Companies: Alaska mining industry is expanding, needs skilled workers

Posted: Thursday, August 25, 2005

FAIRBANKS - Mining companies told state lawmakers gathered for a conference on the future of resource development in the Interior that too few qualified workers is putting a strain on the industry.

Members of the House and Senate resource committees gathered in Fairbanks on Monday to gauge the health of the mining industry and its potential to improve the region's modest 2 percent growth rate.

"The Interior is the state's mining district and workforce development is a big issue to the industry," said North Pole Republican John Coghill.

The mining industry has a $1.6 billion annual impact on the state and provides $22 million in taxes to the state and local municipalities. With the price of gold at $443 an ounce, exploration for new mineral deposits in the Interior is expected to increase.

The mineral industry spent nearly $70 million in exploration across the state in 2004, said Bob Loeffler, director of the Alaska Department Natural Resources Division of Mining, Land and Water.

New exploration means the potential for increases to 2,500 full-time workers currently employed by the industry. Lawmakers said Monday they want to ensure those job opportunities go to Alaskans.

Coghill, who is House majority leader, said mining companies have been proactive in their efforts to train and hire Alaskans, but more work is required to meet industry demands.

The University of Alaska Fairbanks set up the applied mining technology certificate program in response to the shortage of trained mining workers, said UAF spokeswoman Carla Browning.

The Delta Mine Training Program put on by the Tanana Valley Campus and the Delta/Greely School District is another state-funded effort to supply trained workers for the industry.

Officials from the Fort Knox Mine and Teck-Pogo told lawmakers those programs have provided a good start, but the industry needs more trained workers to sustain growth.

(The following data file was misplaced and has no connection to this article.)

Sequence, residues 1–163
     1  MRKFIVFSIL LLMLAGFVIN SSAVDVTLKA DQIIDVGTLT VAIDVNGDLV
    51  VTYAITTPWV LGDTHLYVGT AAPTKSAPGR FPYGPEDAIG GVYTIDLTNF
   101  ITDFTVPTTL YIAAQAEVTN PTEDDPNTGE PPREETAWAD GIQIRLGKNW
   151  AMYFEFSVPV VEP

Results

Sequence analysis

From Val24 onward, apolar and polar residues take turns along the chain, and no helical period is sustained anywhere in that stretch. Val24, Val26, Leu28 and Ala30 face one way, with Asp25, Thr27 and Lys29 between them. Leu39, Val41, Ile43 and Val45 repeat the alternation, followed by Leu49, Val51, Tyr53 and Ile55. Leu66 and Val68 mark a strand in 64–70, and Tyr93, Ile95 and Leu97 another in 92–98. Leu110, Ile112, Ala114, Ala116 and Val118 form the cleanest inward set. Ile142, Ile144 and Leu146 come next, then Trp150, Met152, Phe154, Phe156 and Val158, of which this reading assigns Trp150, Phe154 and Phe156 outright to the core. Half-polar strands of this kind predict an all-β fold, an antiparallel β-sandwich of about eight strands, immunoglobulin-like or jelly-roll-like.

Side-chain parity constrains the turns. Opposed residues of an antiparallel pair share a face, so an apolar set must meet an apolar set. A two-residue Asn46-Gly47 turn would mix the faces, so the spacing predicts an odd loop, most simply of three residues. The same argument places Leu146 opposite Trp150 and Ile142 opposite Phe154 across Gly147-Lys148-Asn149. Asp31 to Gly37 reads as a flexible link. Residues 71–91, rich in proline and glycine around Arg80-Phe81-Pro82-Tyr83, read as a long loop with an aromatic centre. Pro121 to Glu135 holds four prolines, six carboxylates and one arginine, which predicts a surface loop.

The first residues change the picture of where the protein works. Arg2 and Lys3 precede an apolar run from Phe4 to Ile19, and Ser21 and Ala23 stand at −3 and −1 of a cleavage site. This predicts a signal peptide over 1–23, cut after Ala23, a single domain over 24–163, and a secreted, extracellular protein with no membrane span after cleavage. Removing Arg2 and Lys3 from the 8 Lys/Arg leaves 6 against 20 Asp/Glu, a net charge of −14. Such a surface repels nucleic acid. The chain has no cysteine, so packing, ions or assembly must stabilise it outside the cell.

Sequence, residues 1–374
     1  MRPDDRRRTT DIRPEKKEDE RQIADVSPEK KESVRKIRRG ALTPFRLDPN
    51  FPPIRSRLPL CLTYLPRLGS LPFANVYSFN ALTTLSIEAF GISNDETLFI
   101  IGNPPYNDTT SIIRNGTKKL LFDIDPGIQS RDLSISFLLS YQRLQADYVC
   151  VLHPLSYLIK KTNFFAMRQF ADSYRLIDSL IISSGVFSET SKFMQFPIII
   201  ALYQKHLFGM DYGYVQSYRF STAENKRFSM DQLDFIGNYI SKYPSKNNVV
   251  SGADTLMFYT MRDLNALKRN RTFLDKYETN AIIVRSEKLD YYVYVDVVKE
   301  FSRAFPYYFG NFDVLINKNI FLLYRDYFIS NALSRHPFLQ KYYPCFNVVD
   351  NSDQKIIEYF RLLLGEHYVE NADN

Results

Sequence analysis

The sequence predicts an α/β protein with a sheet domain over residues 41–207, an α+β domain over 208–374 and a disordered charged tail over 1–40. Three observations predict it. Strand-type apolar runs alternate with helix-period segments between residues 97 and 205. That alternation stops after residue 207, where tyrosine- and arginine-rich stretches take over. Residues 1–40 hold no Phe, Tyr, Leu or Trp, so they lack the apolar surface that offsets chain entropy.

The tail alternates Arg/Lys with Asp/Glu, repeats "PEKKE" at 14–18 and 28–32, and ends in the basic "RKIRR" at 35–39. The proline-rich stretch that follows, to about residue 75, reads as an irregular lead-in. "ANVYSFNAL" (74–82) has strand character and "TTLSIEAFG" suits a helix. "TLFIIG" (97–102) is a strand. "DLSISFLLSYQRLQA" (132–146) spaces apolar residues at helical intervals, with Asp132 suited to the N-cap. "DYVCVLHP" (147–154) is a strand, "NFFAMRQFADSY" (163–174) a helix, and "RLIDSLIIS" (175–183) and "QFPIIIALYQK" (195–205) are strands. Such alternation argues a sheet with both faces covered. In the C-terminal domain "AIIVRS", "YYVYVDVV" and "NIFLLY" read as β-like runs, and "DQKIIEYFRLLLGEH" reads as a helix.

The Fort Knox gold mine employs 425 people full time and pays $36 million in annual wages. "We need everyone of those employees," said John Wild, the mine's general manager.

The open-pit mine near Fairbanks, which had a production of 340,000 ounces of gold in 2004, is expected to produce through 2011.

Karl Hannerman with Teck-Pogo said when the gold mine goes into production next year, it's expected to employ 230 people full time and have a payroll of about $20 million.

The Teck-Pogo mine, 40 miles northeast of Delta Junction, is expected to have gold reserves of more than 3 million ounces and produce up to 500,000 ounces a year for the next decade.

The mine has put together its own training program for entry-level employees that has succeeded in having an 85 percent Alaskan-hire rate.

Teck-Pogo is actively looking to expand its operations in the area in an effort to increase the life of the mine.

"Geologically the area is very interesting," Hannerman said. "It's encouraging enough for us to try to find additional deposits, but it's too early to know if we'll be successful."

There are 250,000 acres under mineral claim stakes in the state with exploration at several sites in the Interior, including an announcement last week by the Nevada Star Resource Corporation to explore for gold 170 miles south of Fairbanks in the Alaska Range.

Lawmakers said that exploration will result in more jobs for Alaskans if they have the required skills.

"We need to train more people in operation and maintenance for mines and pipelines," said Kenai Republican Sen. Tom Wagoner, chair of the Senate resources committee. "That's where we get the long-term, good paying jobs."



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